Gover­nor pro­poses mak­ing Mich. Blues tax­able

Modern Healthcare - - MODERN HEALTHCARE - Joe Carl­son

Mich. gover­nor pro­poses mak­ing state Blues plan tax­able

For 32 years, Blue Cross and Blue Shield of Michi­gan has been reg­u­lated un­der a spe­cial law that rec­og­nizes its sta­tus as the only in­surer in the state that ac­cepts all who ap­ply for in­sur­ance—a law whose pur­pose is muted by the re­quire­ment in the Pa­tient Pro­tec­tion and Af­ford­able Care Act that all in­sur­ers must do the same start­ing Jan. 1, 2014.

Michi­gan Gov. Rick Sny­der an­nounced a plan last week to bring the state’s dom­i­nant health plan into the same reg­u­la­tory frame­work as ev­ery other in­surer in the state, which would in­volve the Blues pay­ing $100 mil­lion in taxes to lo­cal and state gov­ern­ments and set­ting aside $1.5 bil­lion over 18 years for a new not­for-profit ded­i­cated to pub­lic-health ini­tia­tives.

The changes, if en­acted by the state Leg­is­la­ture and ap­proved by the Blues board mem­bers, would legally trans­form the com­pany from a “non­profit health­care cor­po­ra­tion” into a not-for-profit mu­tual in­sur­ance com­pany whose pol­i­cy­hold­ers would have own­er­ship rights, sim­i­lar to 11 other mu­tual Blues plans that op­er­ate in 18 states.

The changes would not, how­ever, af­fect the on­go­ing an­titrust lit­i­ga­tion filed jointly against the Michi­gan Blues by the U.S. Jus­tice Depart­ment and the state at­tor­ney gen­eral’s of­fice— even though the at­tor­ney gen­eral would have a seat on the board of the new not-for-profit or­ga­ni­za­tion that would make de­ci­sions on how to spend the $1.5 bil­lion in com­pany money.

“We fully ex­pect our law­suit will continue for­ward,” said Joy Yearout, spokes­woman for Michi­gan At­tor­ney Gen­eral Bill Schuette, adding that the new not-for-profit is a long-term goal: “We’re a long way from that hap­pen­ing right now. This is just in the plan­ning stages … It’s not of great con­cern.”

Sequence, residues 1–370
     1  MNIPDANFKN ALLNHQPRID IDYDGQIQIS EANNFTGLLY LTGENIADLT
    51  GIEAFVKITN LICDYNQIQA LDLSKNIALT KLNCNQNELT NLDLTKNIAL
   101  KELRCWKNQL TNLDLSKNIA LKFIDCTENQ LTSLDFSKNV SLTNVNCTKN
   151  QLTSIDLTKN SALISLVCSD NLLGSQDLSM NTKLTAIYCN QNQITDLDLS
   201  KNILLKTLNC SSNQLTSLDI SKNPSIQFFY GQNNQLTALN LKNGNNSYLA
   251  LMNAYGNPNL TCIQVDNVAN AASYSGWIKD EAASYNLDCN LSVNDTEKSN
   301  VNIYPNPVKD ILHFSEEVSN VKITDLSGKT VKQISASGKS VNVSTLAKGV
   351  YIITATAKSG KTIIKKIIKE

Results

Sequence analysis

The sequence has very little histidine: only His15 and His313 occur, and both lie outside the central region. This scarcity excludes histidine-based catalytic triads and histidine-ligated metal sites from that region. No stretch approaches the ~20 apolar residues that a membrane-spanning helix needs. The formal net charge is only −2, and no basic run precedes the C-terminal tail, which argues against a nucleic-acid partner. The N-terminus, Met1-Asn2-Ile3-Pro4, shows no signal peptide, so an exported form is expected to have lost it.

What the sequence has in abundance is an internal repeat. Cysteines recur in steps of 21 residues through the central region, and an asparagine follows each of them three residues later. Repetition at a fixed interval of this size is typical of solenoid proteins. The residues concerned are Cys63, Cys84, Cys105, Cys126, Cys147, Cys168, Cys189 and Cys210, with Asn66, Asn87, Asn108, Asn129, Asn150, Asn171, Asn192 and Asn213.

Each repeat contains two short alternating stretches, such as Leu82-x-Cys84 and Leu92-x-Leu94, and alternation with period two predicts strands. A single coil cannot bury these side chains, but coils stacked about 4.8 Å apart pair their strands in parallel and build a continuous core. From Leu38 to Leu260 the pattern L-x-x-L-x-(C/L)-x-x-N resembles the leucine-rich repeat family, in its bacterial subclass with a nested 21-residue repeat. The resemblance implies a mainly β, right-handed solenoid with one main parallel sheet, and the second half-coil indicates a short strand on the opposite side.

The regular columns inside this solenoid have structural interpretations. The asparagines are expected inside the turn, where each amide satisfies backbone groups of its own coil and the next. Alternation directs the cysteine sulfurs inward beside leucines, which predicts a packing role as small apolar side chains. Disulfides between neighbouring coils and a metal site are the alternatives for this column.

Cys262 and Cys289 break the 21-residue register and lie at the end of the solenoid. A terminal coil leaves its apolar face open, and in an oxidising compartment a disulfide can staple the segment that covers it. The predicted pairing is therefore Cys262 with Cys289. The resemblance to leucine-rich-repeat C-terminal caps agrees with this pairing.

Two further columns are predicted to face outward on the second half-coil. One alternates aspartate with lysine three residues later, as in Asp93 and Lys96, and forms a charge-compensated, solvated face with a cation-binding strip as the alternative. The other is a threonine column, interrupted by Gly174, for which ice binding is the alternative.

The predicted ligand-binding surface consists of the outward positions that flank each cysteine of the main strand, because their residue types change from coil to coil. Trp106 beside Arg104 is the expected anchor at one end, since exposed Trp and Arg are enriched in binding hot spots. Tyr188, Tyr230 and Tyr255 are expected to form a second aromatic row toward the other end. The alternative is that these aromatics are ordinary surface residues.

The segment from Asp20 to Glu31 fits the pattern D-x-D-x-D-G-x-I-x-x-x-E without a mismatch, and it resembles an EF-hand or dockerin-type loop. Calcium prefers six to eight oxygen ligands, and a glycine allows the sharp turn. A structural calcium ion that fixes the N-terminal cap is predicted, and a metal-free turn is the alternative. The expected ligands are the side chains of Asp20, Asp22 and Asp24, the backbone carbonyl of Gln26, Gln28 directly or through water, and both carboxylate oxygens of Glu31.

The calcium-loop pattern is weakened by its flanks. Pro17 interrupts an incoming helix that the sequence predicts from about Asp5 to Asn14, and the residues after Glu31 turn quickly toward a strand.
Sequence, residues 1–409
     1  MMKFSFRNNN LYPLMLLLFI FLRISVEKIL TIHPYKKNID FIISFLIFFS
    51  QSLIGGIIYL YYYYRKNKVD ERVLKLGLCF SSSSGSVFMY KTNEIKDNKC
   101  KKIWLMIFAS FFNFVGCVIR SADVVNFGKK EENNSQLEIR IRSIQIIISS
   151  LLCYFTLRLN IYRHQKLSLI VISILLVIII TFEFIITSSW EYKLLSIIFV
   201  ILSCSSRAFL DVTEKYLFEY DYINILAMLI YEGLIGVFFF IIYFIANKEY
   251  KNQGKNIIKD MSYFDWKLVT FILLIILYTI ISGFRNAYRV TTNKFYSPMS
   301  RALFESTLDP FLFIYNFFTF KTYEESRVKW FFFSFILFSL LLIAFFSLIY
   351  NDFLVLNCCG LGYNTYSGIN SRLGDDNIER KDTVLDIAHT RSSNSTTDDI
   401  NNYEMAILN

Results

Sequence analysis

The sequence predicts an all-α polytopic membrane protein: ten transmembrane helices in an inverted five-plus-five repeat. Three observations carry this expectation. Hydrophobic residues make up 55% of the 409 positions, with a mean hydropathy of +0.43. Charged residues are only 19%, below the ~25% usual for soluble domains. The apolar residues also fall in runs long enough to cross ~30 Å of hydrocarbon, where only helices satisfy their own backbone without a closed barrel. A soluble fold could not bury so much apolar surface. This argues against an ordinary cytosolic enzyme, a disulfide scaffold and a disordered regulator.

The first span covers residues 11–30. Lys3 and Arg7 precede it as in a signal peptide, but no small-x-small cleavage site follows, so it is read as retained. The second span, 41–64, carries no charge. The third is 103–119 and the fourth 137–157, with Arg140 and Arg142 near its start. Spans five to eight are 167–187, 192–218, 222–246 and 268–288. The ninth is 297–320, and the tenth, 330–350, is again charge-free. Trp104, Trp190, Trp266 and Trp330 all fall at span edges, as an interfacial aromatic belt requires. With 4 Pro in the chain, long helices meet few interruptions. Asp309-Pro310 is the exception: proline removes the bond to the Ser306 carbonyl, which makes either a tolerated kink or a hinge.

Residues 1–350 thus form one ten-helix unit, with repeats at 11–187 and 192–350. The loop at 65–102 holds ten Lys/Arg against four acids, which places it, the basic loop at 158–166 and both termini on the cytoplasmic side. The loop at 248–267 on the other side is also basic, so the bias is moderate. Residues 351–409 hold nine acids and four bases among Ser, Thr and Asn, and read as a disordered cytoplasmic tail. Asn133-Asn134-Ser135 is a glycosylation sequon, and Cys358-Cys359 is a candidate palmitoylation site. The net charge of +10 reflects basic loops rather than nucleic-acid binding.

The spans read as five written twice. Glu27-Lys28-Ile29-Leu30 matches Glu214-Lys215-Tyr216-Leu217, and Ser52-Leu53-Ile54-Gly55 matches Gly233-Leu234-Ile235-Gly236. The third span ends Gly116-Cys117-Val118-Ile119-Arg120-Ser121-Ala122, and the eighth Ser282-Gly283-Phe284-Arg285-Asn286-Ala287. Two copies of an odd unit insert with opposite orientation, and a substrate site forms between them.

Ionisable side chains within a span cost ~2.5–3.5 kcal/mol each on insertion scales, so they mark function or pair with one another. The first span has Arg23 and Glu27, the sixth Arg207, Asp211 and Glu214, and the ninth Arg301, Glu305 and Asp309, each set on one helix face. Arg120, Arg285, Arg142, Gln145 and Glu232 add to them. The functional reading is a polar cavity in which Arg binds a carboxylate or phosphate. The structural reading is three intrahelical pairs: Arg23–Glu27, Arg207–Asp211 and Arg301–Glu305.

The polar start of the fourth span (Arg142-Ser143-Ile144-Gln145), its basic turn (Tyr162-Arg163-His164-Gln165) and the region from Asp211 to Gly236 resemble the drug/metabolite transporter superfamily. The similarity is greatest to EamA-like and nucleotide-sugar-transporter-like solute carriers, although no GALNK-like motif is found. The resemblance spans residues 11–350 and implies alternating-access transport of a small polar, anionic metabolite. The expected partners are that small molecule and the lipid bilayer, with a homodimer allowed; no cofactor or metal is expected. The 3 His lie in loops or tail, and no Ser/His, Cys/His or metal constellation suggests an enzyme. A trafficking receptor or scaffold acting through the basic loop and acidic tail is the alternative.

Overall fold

The Michi­gan Blues is the dom­i­nant in­surer in the state, cov­er­ing 4.4 mil­lion of the state’s 10.5 mil­lion res­i­dents, and 70% of Michi­gan’s com­mer­cially in­sured pop­u­la­tion.

Dave Waymire, spokesman for the Michi­gan As­so­ci­a­tion of Health Plans, said the pro­posal to re­vamp the reg­u­la­tions wouldn’t ad­dress what other in­sur­ance com­pa­nies say is the real prob­lem—Blue Cross’ mas­sive mar­ket po­si­tion.

“The fun­da­men­tal is­sue fac­ing the mar­ket in Michi­gan is that it is the fourth worst in the na­tion in terms of com­pe­ti­tion,” Waymire said. “And we are con­cerned that this ar­range­ment that has been reached be­tween the gover­nor and Blue Cross will not change the fact that they con­trol 70% of the mar­ket. There­fore, we will still be one of the least com­pet­i­tive states in the na­tion, and that will still be bad for con­sumers.”

An­drew Het­zel, cor­po­rate spokesman for the Michi­gan Blues, said it wasn’t clear whether the new rules would af­fect the com­pany’s mar­ket po­si­tion.

“It’s hard to fore­cast how a change in reg­u­la­tion would af­fect mar­ket share. We do be­lieve that a change in reg­u­la­tion will en­cour­age com­pe­ti­tion,” he said. “We’d like to see our abil­ity to in­no­vate en­hanced by this. … And we’d like to see a healthy, ro­bust com­pe­ti­tion on price.”

In writ­ten com­ments, the gover­nor said the pro­posal is in­tended to fos­ter a more level play­ing field among in­sur­ers.

“The old way of do­ing busi­ness doesn’t meet Michi­gan’s de­mands to­day for a com­pet­i­tive and ef­fi­cient health­care sys­tem,” Sny­der said. “Michi­gan needs a new reg­u­la­tory en­vi­ron­ment that con­tin­ues our rein­ven­tion and al­lows us to at­tract the kind of in­vest­ment that will fuel our come­back. This pro­posal will help us do that.”

Het­zel said com­pany of­fi­cials would sup­port the pro­posal as it moves through the state Leg­is­la­ture as long as it con­tains two key as­pects of the gover­nor’s plan: that the Michi­gan Blues re­mains a not-for-profit com­pany af­ter the tran­si­tion, and that all in­sur­ance com­pa­nies in the state would fall un­der the same reg­u­la­tions.

Ul­ti­mately, the com­pany’s board would have to vote af­ter the Leg­is­la­ture ap­proves the changes in the law, be­cause the ex­ist­ing leg­is­la­tion pre­vents the in­surer from chang­ing its sta­tus. Once that pro­hi­bi­tion is re­moved, the com­pany would then de­cide whether to con­vert into a mu­tual ben­e­fit com­pany and be­come sub­ject to taxes and pub­lic-health spend­ing pro­vi­sions out­lined in the fi­nal bill, Het­zel said.

Sny­der last week called for Blue Cross to be­come a not-for-profit mu­tual in­sur­ance com­pany.

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